“Our preferred outcome was for a further period of monetary stability, with interest rates steady over the near term. Today’s quarter point rise may have little effect on most companies, but many will view this as the first step in a longer policy movement – not as a simple reversal of last year’s cut.
“These are challenging times for monetary policymakers. The MPC had the unenviable task of weighing future risks to inflation, from a tight – and tightening - labour market, pass-through from a weaker pound and rising commodity prices. Against this, they needed to consider the future risks to under-shooting the inflation target from weak growth, fragile business confidence, and the effects of uncertainty.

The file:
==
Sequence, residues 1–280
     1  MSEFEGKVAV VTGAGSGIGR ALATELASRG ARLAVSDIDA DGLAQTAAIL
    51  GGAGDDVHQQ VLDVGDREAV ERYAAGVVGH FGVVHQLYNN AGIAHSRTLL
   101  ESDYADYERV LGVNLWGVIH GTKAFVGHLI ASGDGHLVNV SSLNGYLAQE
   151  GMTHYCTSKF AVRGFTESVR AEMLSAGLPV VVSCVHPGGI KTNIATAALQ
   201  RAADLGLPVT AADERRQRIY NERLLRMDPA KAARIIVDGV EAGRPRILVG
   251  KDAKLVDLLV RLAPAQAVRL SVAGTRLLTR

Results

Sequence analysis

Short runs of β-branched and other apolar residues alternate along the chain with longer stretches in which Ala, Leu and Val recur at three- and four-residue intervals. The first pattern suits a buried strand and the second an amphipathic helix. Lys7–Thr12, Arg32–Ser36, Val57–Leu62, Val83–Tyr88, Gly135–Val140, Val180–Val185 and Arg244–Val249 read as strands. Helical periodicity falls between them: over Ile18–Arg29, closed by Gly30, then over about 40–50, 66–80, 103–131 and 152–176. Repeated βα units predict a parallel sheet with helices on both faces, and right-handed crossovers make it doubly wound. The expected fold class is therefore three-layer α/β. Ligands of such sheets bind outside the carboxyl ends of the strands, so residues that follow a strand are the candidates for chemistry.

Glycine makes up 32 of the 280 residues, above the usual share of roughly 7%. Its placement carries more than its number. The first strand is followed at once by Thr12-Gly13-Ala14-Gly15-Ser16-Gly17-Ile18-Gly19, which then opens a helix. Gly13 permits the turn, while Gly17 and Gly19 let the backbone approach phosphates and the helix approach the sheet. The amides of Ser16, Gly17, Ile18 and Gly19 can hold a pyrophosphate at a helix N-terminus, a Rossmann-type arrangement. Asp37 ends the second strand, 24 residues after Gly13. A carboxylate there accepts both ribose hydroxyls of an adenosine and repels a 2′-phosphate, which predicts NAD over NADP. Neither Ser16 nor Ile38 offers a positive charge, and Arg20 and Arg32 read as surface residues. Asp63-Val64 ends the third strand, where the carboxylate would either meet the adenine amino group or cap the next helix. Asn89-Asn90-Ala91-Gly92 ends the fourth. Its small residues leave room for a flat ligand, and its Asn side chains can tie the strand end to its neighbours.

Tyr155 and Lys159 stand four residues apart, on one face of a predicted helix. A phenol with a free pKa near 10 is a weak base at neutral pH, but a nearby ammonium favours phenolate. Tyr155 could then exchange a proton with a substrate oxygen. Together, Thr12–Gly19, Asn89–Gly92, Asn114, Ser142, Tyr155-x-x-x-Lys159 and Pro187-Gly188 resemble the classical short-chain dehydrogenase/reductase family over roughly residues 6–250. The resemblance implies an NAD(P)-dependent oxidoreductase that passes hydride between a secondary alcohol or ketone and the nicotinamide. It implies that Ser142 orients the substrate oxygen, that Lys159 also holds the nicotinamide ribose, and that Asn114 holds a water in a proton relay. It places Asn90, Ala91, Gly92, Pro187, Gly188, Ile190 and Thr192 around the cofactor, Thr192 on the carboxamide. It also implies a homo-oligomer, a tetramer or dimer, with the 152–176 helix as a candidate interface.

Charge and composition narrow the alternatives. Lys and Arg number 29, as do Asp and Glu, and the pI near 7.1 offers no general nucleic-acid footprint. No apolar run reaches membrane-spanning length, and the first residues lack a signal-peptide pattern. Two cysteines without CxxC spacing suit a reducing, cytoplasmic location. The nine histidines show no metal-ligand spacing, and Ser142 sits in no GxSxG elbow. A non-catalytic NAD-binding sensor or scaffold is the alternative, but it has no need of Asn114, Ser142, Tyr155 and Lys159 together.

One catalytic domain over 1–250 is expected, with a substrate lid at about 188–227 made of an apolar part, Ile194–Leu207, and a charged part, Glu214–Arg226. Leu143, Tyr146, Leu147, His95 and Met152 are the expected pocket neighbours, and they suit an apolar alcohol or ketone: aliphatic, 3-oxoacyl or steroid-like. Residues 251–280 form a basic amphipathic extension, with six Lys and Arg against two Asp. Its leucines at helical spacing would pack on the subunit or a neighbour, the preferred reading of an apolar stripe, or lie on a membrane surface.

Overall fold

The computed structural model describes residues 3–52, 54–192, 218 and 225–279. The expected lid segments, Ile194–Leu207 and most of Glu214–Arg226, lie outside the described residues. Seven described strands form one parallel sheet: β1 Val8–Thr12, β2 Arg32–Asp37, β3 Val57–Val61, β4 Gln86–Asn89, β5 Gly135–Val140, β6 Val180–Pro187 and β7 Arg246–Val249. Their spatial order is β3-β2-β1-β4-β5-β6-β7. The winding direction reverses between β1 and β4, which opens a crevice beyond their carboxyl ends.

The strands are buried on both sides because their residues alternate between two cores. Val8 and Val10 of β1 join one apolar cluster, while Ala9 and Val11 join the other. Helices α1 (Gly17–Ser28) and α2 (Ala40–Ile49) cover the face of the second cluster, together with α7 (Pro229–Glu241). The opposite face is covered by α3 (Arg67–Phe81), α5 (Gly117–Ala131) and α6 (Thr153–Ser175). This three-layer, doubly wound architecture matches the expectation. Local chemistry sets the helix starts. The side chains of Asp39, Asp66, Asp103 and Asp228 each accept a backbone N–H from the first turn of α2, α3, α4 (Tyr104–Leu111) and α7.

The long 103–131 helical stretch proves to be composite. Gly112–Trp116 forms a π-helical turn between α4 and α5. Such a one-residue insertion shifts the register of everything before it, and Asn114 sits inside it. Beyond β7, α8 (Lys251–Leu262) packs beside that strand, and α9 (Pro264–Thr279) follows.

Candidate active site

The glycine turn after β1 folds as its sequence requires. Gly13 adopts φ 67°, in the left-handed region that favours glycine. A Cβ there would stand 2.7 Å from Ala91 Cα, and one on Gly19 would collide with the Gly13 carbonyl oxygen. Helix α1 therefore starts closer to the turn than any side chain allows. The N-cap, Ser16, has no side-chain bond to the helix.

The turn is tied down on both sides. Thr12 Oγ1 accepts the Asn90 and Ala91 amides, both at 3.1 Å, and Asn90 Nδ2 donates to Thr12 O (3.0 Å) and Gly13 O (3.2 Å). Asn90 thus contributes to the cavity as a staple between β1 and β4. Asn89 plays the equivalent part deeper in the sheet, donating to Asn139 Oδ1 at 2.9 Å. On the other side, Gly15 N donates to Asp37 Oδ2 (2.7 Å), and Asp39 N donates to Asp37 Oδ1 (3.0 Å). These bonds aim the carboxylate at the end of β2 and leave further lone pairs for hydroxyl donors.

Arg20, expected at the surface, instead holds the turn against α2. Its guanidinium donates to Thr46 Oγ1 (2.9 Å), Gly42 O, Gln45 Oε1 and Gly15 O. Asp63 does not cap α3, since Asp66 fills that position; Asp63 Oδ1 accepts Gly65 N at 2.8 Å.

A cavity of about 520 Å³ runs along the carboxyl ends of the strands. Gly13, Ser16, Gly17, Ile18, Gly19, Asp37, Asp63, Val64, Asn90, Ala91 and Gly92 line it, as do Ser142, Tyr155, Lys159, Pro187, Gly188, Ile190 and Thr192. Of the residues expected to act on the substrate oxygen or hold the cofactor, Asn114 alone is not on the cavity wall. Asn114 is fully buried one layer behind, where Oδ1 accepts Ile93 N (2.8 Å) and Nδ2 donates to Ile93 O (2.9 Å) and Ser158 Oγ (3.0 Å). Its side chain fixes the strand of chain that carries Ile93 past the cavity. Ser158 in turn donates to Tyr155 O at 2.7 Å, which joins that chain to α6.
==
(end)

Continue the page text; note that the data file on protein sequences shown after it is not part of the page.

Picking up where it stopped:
“These are finely-balanced judgements: while interest rates will need to return to historic averages at some point, it should be done slowly and with reference to the ever-changing economic context.
“With the Bank of England’s latest forecasts of sluggish growth for the next few years, the government must use the upcoming Autumn Budget to boost business confidence and investment, and reduce the pressure on prices from policy decisions such as the forthcoming hike in business rates.”